From left to right: O'Dwyer Chief Editor
Kevin mcCauley;Jack O'Dwyer, Publisher;
Greg Hazely, writer and West Coast Bureau
Chief George McQuade pays the NY office
a visit recently.
Guest Editorial by Jack O’Dwyer
The Much-Praised Tylenol Story
Has a Lot of Holes In It
Fortune magazine is the latest victim of the myth,
failing to focus on the real culprit–the capsule.
LATEST TYLENOL POISONING: FORTUNE
Fortune magazine, failing to carefully examine the background of the Tylenol recall of 1982 after seven murders via Tylenols, has called Tylenol “the gold standard in crisis control.”
Johnson & Johnson CEO James Burke, fearing loss of market share, had rushed back into the market less than two months after the murders with “tamper-resistant” packaging.
Neither J&J nor any company in the industry dared to say “tamper-proof.”
How would you like to have a gas stove or gas tank in your car that were “leak resistant” or a brakes in the car that worked “almost 100% of the time?”
Would you eat canned food labeled “botulism-resistant?”
Burke himself chaired the committee on “tamper-resistant” packaging that rushed this knowingly flawed system back to market on Nov. 11, 1982.
The seals on a poisoned bottle of Tylenols that killed Diane Elsroth, 23, of Peeksville, N.Y., Feb. 7, 1986 appeared not to have been broken.
But the FBI, using “sophisticated” tests, found on Feb. 27 that the seals had been broken.
This was thought to exonerate J&J of any blame. But if it took the FBI three weeks to learn this, what chance did the average consumer have of noticing tampering on a Tylenol bottle or any other bottle?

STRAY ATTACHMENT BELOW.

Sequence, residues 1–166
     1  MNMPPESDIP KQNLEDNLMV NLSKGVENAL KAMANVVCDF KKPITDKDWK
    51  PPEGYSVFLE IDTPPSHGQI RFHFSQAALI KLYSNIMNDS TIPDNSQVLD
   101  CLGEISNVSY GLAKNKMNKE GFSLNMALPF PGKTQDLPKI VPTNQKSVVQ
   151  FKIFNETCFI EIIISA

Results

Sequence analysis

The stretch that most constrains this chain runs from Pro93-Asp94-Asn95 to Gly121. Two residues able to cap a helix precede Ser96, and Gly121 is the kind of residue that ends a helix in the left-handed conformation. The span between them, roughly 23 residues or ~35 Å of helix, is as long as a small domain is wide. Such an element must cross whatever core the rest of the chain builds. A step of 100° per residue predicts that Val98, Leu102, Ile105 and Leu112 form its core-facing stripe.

Also, a murderer could break the seals and offer a spiked Tylenol or other capsule to an unknowing victim who might be a “friend” or relative.
Modern PR breaks down into two categories: J&J/Tylenol and the rest of it. One need only study what happened in this incident to know plenty about how PR works and how media work (or don’t).
For openers, J&J should not have been selling anything in easily opened and doctored capsules.
Burke’s career at J&J was heavily identified with the success of highly-profitable Tylenol.
The capsules were popular because people felt they were easier to swallow and worked faster than tablets. Tylenol tablets, much smaller, were also easy to swallow and worked just as fast.
Burke feared J&J would stop using capsules but others wouldn’t, causing a drop in Tylenol’s market share.
There was no “immediate” recall as described in the Effective PR textbook or “instant” recall as Russell Crowe said in “The Insider” movie.
J&J at first confined the recall to two small lots after two Tylenol deaths took place on Wednesday, Sept. 29, 1982. Both J&J and the FDA told people on Thursday not to take any more Tylenol capsules until an investigation was made.
The actual recall (of the few, if any, Tylenol products left on shelves), was made Oct. 6, seven days after Burke learned of the initial murders. Burke had pushed back any decision on what to do until Monday, Oct. 4, when a large staff meeting was scheduled.
Mary Kellerman, 12, and Adam Janus, 27, had died of poisoned Tylenols on the morning of Sept. 29.
Who has ever seen a picture of Kellerman or Janus or his brother Stanley, 25, or Stanley’s wife, Theresa, 19, or any of the other four victims? We haven’t and we’ve been collecting material on this story for 25 years.
When J&J finally agreed to a settlement in May of 1991, none of their names were even mentioned in a Chicago Tribune story.
As far as we can tell, there has been nothing but silence from these families for 25 years.
We never saw a picture of Elsroth, either. Both Newsweek and Time ran full-page stories on the second Tylenol poisoning but no pictures of Elsroth. Newsweek’s March 3, 1986 issue had a large picture of Burke.